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Budapest - Hungary

St Stephen Statue, Budapest Szechenyi Baths, BudapestFishermans Bastion, BudapestSt Matthias Church, BudapestParliament, BudapestLiberty Bridge, Budapest

Budapest is one of the great European cities, rivalled only by Vienna. With the rise of Prague it's dropped off the radar a little - but there's still plenty to occupy you and the crowds have yet to rediscover this grand city. Budapest is really two cities, divided by the Danuble. Hilly Buda is the castle and royal district, while Pest on the east bank is flatter and contains the more modern buildings.

For most visitors Buda castle is the first port of call. Occupying high ground overlooking the Danube, the castle can be reaced by a series of steep paths or alternatively by a furnicular railway. Plenty of statues adorn the castle courtyards with St Stephen, Hungary's first king having pride of place. The colourful roof of the neo-gothic St Matthias Church sits beside the castle. Fisherman's Bastion, a newer arcade built over the fortiufication wall, has stunning views over the Danube and the fabulously sumptuous Parliament building.

The Danube divides the city in to and is crossed by several bridges. The grandest of these are the mid 19th Century Chain Bridge and the Liberty Bridge, often illuminated at night. The river teems with boats, struggling slowly upstream against the heavy flow or cruising swiftly in the other direction.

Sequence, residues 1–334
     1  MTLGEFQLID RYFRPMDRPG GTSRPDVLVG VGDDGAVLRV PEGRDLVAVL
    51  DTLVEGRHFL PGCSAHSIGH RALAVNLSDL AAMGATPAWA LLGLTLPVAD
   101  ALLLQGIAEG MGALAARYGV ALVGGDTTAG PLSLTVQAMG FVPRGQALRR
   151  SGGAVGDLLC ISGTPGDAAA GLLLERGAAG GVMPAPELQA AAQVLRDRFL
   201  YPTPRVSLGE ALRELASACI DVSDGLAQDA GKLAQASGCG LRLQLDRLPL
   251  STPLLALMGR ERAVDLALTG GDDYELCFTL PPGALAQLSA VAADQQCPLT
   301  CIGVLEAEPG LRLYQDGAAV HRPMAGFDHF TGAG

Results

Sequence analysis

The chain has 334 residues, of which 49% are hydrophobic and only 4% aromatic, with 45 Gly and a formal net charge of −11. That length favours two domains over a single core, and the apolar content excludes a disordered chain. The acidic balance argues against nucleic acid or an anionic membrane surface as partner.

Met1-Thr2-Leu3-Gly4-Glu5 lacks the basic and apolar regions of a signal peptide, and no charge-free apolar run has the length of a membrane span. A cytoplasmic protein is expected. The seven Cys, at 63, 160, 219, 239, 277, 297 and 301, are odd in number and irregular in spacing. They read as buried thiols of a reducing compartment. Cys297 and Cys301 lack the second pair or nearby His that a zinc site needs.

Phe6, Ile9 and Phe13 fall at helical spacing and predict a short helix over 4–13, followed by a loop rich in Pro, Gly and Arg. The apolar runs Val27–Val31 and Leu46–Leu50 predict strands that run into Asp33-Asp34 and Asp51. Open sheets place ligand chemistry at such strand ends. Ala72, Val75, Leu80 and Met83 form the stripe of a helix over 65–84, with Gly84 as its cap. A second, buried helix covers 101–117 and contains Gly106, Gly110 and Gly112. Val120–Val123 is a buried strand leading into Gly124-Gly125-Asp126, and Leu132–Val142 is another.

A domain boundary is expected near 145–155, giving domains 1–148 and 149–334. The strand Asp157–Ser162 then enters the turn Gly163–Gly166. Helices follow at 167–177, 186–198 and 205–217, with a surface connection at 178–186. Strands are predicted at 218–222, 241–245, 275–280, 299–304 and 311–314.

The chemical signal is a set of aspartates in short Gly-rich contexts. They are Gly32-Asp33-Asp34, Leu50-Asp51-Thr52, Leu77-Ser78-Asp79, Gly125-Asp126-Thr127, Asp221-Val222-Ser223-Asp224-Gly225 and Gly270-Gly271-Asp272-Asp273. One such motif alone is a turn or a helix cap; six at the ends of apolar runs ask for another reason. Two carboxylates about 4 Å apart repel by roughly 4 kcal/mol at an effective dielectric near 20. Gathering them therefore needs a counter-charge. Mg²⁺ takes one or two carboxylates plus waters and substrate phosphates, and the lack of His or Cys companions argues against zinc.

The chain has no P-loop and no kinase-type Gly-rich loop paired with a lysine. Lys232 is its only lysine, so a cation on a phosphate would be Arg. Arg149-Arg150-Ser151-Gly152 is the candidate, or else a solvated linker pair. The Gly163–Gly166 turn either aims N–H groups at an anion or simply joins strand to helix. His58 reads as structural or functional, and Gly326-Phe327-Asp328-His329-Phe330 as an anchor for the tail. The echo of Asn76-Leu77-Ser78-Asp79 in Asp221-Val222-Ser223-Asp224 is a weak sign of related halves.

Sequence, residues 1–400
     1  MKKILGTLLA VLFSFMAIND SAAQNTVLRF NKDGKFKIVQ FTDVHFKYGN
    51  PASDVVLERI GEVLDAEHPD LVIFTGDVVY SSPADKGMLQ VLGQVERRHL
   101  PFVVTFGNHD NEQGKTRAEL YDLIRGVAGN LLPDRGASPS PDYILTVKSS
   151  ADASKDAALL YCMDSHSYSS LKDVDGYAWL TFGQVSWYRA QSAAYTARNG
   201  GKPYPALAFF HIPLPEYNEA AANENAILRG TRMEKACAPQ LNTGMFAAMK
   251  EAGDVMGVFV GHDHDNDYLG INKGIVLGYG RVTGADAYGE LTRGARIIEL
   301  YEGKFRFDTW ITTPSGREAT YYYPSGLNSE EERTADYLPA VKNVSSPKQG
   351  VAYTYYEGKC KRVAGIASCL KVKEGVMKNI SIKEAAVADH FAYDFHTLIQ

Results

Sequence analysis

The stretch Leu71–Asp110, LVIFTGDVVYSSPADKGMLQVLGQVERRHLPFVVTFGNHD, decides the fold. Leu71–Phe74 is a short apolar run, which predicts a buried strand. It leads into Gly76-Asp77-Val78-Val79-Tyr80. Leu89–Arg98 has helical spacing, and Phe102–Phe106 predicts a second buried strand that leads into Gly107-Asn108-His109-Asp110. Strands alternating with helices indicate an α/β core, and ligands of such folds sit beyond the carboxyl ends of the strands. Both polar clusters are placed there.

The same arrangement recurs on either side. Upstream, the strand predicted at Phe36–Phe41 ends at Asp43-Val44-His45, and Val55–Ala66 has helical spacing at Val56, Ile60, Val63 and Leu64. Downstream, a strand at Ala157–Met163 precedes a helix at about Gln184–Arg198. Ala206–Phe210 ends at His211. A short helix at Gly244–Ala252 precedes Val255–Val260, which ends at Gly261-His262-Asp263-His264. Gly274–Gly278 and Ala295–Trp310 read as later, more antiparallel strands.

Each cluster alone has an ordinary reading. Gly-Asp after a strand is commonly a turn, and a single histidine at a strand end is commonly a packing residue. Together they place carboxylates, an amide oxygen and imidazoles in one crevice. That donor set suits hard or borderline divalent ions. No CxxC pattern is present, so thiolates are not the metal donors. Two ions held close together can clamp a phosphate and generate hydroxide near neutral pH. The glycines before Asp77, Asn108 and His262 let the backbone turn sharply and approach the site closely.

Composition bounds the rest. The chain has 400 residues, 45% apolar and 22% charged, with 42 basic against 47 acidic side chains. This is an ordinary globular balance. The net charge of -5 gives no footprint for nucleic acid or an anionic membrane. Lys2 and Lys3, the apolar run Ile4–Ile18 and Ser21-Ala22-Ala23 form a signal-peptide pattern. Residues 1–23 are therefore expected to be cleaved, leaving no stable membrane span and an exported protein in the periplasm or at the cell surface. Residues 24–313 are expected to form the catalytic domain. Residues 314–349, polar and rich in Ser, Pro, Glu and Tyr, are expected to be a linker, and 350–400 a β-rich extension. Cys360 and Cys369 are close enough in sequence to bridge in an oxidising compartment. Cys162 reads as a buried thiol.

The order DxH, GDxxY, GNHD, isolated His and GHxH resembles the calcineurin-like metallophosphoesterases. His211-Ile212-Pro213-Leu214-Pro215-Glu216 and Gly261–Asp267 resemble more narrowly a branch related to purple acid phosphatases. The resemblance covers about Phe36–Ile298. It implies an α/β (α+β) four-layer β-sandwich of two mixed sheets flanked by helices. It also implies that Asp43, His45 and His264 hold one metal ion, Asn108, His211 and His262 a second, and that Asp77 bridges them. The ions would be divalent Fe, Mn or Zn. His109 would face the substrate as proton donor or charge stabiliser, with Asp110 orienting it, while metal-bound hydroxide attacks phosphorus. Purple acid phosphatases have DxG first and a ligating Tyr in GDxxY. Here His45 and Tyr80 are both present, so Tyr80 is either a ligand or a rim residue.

East of the Danube is the modern quarter of Pest. Most of this area was developed when Budapest was joint capital of the Austro-Hungarian Empire and is a collection of grand 19th Century buildings. The grandest avenue is wide, tree lined Andrassy ut, running from the modern centre out to the Varosliget (City Park). Under here runs continental Europe's oldest underground line. Heroes square stands at the end of Andrassy ut, celebrating with statues of Hungary's great kings and statesmen.

The city park is home Vajdahunyad Castle, built in a mismatch of styles and now an agriculture museum. The park also houses various art exhibitions alongside the boating lake. Inside the park grounds is the Budapest Zoo, a surprisingly large complex, and the Hungarian State Circus which hosts shows from all over the world. Next to the circus is the enormous Szechenyi Baths complex - with all manner of spas, saunas, steam rooms and outdoor baths. Other baths are scattered throughout the city although none are quite so grand as these.

The tourist shopping area is centred on a couple of narrow pedestrianised streets around Vaci utca a couple of blocks from the river. Here there are plenty of souvenier shops, market stalls and street entertainment. There's also plenty of places to eat here although for cheaper fare an a little more atmosphere head to busy Raday utca. Every restaurant and bar in the street has spead out to cover almost the whole of the pedestrianised street. This is also the student quarter so can be very lively during term time and there are plenty of independent shops too.

 

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